And in 2006, New Oxford Review published evidence that “Mater si, Magistra no” was still alive and well among pick-and-choose conservative Catholics. (Specifically, in this case, concerning just war doctrine. Conservative Catholics in 2006 needed to remain faithful to Pope George W first. Certainly they must defend at all costs the idea that the Church is wrong to condemn the bombing of Hiroshima and Nagasaki.)


So if you want to say, “Hey, we need to explain to dissenters why Humanae Vitae is totally right and stuff,” fine. But dissenters need some splainin regarding Populorum Progressio, too, and the bulk of Church social teaching.

As much as it may be true that we have an obligation to the life-giving meaning of the sexual act, Paul VI also tells us that “we are under obligation to all men” now living. “The reality of human solidarity brings us not only benefits but also obligations.” And one of those “obligations” is the universal destination of goods.

Conservative dissenters love to appeal to property rights. And the Church does not deny property rights, but listen to what Paul VI also says.

All other rights, whatever they may be, including the rights of property and free trade, are to be subordinated to this principle. They should in no way hinder it; in fact, they should actively facilitate its implementation. Redirecting these rights back to their original purpose must be regarded as an important and urgent social duty. (22)

The right to private property is not absolute. Paul VI continues:

Everyone knows that the Fathers of the Church laid down the duty of the rich toward the poor in no uncertain terms. As St. Ambrose put it: “You are not making a gift of what is yours to the poor man, but you are giving him back what is his. You have been appropriating things that are meant to be for the common use of everyone. The earth belongs to everyone, not to the rich.” These words indicate that the right to private property is not absolute and unconditional.

I am not sure “everyone knows” this any more. Tender hearts on the right may blow up at the suggestion. Now, we hear a lot about how contraception and gay sex violate the natural law. But be careful when you invoke natural law. In Summa Theologica, St. Thomas Aquinas says that “Whatever certain people have in superabundance is due, by natural law, to the purpose of succoring the poor.

And Paul VI brings up natural law in Populorum Progressio too, as well as in Humanae Vitae. He mentions it when he brings up the right to a just wage. Conservative dissenters love to deny that we know what a just wage even is. They love to appeal to the right of contract; didn’t the laborer agree to that wage when he accepted the job? Paul VI and Leo XIII look down on this thinking.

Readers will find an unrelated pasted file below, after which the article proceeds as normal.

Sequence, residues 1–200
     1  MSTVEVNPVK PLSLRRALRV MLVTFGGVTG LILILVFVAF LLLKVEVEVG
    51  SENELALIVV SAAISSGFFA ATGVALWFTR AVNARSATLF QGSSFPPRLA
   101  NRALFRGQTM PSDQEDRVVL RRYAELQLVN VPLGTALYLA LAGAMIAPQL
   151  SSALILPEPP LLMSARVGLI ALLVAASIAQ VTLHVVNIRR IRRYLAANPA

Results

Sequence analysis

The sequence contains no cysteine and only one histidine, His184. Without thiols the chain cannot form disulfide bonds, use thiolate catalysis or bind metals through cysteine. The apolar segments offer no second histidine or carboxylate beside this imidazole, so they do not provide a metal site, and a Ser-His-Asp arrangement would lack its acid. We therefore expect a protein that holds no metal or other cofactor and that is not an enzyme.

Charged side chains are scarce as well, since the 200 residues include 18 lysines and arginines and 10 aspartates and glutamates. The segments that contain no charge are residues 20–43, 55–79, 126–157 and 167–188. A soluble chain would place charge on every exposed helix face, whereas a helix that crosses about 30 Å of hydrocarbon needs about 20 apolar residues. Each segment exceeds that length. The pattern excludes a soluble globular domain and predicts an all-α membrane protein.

The teaching set forth by our predecessor Leo XIII in Rerum Novarum is still valid today: when two parties are in very unequal positions, their mutual consent alone does not guarantee a fair contract; the rule of free consent remains subservient to the demands of the natural law.

To not pay a just wage is a violation of natural law too, according to Paul VI; and you cannot just appeal to “the right of contract” as an out on natural law. Denying a just wage is a sin that cries to heaven for vengeance, by the way.

And you know, let me say something else on this point. I have heard any number of cheerleaders for Humanae Vitae, when asked about women who have grave reasons to avoid pregnancy, and yet can’t use NFP because their cycles are irregular and can’t be charted, who have no difficulty at all saying, “Well, you’ll just have to be celibate for the duration.”

And yet many of these wery same people are aghast when the Church demands that employers pay a just wage commensurate with family size, or provide adequate health insurance for women.

Personally, I don’t know many Catholics who blithely rebel at Humanae Vitae and say, “Well, big middle finger to the Church, I will do what I want.” (I am sure there are some.) Instead I know a great many who have a great deal of fear due to goods that compete against the good of new life, such as the good of their own health, or the economic security of the family, and who at the same time find it impossible to use NFP for one reason or another (like irregular cycles).

But I have run into a lot of Catholics who give a middle finger to the Church when she talks about social justice (mater si, magistra no); and it is because of that that encyclicals like Populorum Progressio need a loud and regular birthday party. PP is the Rerum Novarum for today; Benedict XVI says so. How about, next year, we have a nice little homage to Caritas in Veritate? It will be ten years old.

As for Humanae Vitae, if women who are fearful could be approached with some degree of compassion rather than judgment (Oh, just have more faith in God, little one), that would be nice on this fiftieth anniversary.